Few resume items command instant respect like the word "veteran." At Rice Business, this respect translates to a major investment in attracting military veterans as students.
Why did you choose Rice Business?
Rice Business is a family of people who are intentional about showing up with empathy and lending their expertise beyond the classroom to ensure that you have a meaningful MBA experience. It was evident from the moment I stepped on campus that this was a space where I could genuinely learn, connect and thrive. Our dean, Peter Rodriguez, would say we are a community striving to strike the perfect balance between IQ and EQ.
What are you most proud of from your time at Rice Business?
In a time when the world seems caught in the grips of racial divide, I am immensely proud that Rice Business has doubled down on its commitment to attract talented students of color. The Consortium for Graduate Study in Management is a non-profit that supports top business schools in building a pipeline of brilliant business leaders from underrepresented backgrounds. Rice Business has invested so intensively in this mission that the number of Consortium fellows has more than doubled over the last two years. As Rice-Consortium chapter president, I've had the honor of leading the school's largest cohort to date. I am inspired daily by our family of fellows, and I am assured that the future of business is in the hands of bright, capable, resilient leaders.
How has your Rice Business experience supported your entrepreneurial or career accomplishments?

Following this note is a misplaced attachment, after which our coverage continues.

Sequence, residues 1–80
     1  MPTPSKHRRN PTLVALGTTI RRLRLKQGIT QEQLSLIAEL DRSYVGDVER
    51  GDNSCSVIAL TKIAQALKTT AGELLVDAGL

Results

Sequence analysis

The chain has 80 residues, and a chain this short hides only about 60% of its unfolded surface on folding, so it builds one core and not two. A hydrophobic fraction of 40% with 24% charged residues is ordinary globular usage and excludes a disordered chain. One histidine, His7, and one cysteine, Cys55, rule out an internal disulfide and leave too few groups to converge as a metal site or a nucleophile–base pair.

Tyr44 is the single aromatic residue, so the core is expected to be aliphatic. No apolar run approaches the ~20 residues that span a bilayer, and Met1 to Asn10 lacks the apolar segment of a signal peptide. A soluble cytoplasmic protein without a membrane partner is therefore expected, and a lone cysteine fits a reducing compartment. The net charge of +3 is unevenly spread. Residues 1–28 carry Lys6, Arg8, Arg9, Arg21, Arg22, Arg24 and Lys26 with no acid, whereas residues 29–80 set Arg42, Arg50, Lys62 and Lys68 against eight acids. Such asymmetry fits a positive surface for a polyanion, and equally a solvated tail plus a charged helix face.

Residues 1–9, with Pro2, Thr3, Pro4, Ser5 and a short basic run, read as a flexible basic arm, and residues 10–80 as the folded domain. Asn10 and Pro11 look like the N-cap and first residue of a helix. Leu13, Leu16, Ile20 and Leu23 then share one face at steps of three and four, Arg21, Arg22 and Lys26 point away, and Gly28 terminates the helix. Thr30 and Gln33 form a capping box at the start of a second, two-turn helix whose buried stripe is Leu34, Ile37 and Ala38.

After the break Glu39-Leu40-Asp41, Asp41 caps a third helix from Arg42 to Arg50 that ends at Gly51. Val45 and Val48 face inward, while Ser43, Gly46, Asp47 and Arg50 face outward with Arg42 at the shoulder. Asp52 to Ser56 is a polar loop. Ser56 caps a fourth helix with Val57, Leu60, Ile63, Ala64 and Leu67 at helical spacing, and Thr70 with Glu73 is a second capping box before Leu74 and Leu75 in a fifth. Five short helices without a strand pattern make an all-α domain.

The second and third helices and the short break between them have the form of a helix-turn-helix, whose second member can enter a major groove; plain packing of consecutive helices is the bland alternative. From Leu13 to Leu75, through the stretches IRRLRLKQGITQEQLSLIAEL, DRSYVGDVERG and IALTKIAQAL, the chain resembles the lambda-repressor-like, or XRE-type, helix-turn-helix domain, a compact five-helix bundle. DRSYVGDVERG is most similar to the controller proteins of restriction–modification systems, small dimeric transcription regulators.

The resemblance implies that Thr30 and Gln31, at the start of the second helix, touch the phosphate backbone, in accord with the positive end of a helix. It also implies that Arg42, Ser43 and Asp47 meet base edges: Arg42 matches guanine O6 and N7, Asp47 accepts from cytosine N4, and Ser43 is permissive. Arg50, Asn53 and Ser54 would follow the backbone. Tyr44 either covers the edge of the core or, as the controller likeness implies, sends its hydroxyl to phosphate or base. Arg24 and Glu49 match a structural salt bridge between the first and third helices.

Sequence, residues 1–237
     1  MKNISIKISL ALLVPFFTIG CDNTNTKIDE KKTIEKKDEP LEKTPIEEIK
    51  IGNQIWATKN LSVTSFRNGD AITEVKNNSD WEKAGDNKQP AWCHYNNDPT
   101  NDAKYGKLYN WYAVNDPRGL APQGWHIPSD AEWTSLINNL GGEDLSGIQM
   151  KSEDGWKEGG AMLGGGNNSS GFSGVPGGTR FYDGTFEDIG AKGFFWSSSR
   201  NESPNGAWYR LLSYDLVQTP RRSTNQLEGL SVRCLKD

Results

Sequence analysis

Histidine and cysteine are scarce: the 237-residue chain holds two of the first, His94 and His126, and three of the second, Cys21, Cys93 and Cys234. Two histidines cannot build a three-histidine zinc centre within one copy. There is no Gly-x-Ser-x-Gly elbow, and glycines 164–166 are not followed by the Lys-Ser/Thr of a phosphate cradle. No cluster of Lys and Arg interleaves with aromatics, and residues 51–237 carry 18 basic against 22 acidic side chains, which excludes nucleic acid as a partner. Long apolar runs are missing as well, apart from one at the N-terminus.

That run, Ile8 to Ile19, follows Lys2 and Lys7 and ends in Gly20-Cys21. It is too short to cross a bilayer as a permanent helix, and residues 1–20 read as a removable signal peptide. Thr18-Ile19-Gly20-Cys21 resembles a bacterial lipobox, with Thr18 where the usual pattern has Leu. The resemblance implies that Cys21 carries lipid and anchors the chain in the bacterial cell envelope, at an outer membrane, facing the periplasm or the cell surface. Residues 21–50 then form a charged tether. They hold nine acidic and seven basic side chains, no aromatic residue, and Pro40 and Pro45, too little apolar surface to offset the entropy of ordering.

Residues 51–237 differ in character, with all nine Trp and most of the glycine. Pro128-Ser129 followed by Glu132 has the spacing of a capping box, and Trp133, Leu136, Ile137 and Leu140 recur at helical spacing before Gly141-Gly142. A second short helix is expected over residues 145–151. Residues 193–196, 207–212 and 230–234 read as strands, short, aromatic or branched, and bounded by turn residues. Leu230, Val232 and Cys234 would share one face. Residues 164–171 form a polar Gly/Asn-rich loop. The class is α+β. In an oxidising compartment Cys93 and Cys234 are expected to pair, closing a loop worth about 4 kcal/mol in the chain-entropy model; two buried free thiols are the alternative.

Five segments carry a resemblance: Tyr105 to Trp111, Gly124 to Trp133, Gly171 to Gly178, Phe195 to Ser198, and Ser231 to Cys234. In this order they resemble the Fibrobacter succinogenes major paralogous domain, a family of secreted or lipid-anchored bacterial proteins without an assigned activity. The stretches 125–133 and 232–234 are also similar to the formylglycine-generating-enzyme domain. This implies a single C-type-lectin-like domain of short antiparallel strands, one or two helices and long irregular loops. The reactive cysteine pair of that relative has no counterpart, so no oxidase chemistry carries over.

Over the summer, I interned with Google in their Googler Experience, Transformation and Strategy space. On my very first day, I was given the green light to help tackle a complex and ambiguous problem that impacted several of the organization’s key stakeholders for years. I was assigned the most amazing team of managers and co-leads to work with at Google and each day they affirmed the value of the work I brought to the table; work that I was uniquely empowered to do because of my Rice education. The mix of strategy and entrepreneurship courses I took in my first year made navigating the ambiguity of a complex space feel natural. Post-graduation I’ll be joining that amazing team at Google full time. I’m elated that a passionate educator can earn an MBA and use the marriage of those skillsets to one day make an impact in tech. The Rice MBA experience has supported me in connecting the dots between my past and my future, and it’s played such an integral role in my personal and professional transformation.
Have you faced racial judgments in a professional setting? If so, what advice do you have for anyone experiencing something similar?
Of course! People always come to the table with pre-conceived notions of who you are and what you bring to the table. I used to feel pressured to prove to certain groups that I belonged in the spaces that I had access to. I’ve since learned that the proof is in the pudding. If you’re there, it’s because you deserve to be. Knowing that gives you the power to take up space without apology and demand decency from the people you interact with on a daily basis.
What suggestions do you have to work with allies within the workplace or at school?
Align with those who support your convictions but also reserve space for those who will respectfully expand your perspective. The key to allyship is advocacy. Cultivate a community that normalizes speaking up on behalf of one-another. The most challenging and rewarding thing about change, is that it can only be accomplished together.